Eden Brown is a high school senior whose Girl Scout Gold Award involved installing a rain garden with the GVC. She worked closely with graduate student, Brittney Baltimore, who designs rain gardens for the GVC through a partnership with Morgan State University. Here is Eden’s reflection on her experience working with the GVC:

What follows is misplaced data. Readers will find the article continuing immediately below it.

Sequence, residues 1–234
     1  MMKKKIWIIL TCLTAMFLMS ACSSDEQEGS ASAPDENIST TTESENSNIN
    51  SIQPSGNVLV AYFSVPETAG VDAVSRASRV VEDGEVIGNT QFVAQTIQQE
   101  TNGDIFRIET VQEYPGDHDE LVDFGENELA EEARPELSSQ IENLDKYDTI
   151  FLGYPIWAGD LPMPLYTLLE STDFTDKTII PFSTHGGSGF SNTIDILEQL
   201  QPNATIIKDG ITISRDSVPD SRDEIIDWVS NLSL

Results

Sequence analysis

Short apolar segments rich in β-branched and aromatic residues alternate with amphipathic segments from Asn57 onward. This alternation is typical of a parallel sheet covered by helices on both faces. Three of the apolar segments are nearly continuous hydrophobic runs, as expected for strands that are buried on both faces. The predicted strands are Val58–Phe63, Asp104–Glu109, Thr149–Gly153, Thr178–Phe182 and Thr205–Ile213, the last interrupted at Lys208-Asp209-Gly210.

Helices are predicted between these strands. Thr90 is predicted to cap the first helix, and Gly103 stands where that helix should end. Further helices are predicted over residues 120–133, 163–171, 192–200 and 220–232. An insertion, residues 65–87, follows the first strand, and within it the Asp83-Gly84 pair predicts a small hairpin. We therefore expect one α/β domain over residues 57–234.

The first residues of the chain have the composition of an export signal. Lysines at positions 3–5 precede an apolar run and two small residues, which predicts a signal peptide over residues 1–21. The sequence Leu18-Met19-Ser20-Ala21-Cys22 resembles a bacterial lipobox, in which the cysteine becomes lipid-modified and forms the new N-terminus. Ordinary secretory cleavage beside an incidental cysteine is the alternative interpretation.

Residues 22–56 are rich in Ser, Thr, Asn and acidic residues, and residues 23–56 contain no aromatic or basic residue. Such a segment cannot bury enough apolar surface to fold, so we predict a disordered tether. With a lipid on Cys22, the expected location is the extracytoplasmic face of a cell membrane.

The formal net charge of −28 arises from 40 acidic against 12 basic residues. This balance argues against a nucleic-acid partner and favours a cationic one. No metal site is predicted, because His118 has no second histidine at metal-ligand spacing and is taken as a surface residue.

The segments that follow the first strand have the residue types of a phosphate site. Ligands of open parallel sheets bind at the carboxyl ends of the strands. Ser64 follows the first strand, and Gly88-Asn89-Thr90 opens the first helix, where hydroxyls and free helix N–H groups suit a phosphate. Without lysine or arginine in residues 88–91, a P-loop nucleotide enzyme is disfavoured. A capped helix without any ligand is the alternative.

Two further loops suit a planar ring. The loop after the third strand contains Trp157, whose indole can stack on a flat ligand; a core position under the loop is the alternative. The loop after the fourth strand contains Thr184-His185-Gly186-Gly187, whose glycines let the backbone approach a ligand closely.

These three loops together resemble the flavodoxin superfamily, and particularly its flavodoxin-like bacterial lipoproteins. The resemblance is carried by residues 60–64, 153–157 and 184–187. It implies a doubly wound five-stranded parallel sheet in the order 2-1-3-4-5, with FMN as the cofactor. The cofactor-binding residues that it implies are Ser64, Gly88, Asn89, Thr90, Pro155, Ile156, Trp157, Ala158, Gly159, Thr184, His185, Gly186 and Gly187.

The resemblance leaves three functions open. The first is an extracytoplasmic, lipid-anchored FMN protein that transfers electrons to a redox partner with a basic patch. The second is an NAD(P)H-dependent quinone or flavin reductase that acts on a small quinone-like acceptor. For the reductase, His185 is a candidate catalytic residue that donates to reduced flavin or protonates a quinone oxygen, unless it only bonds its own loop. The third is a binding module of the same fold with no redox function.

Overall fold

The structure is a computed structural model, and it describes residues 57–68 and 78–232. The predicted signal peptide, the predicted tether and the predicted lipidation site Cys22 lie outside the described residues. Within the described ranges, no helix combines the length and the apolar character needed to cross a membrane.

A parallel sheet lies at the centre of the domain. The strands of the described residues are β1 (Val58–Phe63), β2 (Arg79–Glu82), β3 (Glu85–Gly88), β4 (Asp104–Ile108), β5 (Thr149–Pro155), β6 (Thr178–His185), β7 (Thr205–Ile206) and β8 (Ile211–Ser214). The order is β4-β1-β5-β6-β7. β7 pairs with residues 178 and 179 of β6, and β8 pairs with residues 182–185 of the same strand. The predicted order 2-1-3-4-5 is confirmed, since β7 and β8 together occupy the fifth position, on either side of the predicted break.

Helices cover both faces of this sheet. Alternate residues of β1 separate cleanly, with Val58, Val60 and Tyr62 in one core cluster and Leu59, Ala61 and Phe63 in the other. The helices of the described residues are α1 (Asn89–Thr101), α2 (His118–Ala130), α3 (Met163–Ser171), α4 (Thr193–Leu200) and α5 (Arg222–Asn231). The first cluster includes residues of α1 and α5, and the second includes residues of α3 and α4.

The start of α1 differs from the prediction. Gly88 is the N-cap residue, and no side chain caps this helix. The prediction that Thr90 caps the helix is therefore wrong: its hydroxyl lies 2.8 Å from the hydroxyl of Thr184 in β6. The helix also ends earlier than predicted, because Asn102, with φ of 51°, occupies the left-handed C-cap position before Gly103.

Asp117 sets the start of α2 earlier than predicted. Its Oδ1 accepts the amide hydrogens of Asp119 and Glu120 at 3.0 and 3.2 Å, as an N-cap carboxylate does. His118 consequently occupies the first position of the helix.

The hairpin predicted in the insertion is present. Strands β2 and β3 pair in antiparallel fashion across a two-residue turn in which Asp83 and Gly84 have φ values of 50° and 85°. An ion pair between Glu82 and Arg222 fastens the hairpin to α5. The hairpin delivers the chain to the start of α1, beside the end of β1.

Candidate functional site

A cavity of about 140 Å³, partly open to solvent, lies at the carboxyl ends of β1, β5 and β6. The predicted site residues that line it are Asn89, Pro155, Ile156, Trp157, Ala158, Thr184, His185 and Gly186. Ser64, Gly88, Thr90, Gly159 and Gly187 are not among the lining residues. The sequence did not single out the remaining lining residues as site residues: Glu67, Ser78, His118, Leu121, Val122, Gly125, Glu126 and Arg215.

As an ambassador in Girl Scouts coming up on my final year of scouting, I knew that I wanted to do something to improve my community’s ecosystems. Both my Bronze and Silver Awards revolved around the idea of ecological improvements. I have always been interested in this subject, because I have always lived in Baltimore city and had limited opportunities to experience the outdoors. Scouting had been able to give me those opportunities and I have been inspired to do more to improve the state of our environment in response to the effects of humans. However, I was unsure about what path I wanted to take with my project, until I learned about the disastrous effects of natural and artificial materials that into our natural waterways. I decided that I wanted my project to revolve around preserving our waterways and instructing my community on the negative effects and what they can do to preserve them. Via my scout leader, I learned about Gunpowder Valley Conservancy and the amazing work they are doing to improve the water quality of our local water systems and spread information on prevention of water pollution. Throughout this process, I was blessed to have the opportunity to work closely with my mentor Brittany, who worked me through every step of the process. I was exposed to an influx of new and fascinating information as I became more involved in the process. I was shocked to discover the amount of man made materials that contribute to water pollution: litter, chemicals absorbed from roads, plant fertilizers, and other toxic substances. However, I was pleased to learn that rain gardens, in addition to preventing flooding and water pollution, served as a habitat for small animals and insects, such as butterflies. I was able to learn how to use new equipment and learn techniques such as recording land topography and how to design the layout of an exterior project to optimize its effectiveness. When participating and assisting in the leadership of the rain garden workshop, I was pleasantly surprised of how well the workshop was able to coordinate the volunteers. The end result was truly a beautiful addition to the space and it was fulfilling to know that the project was not just cosmetically appealing, but served a more meaningful purpose.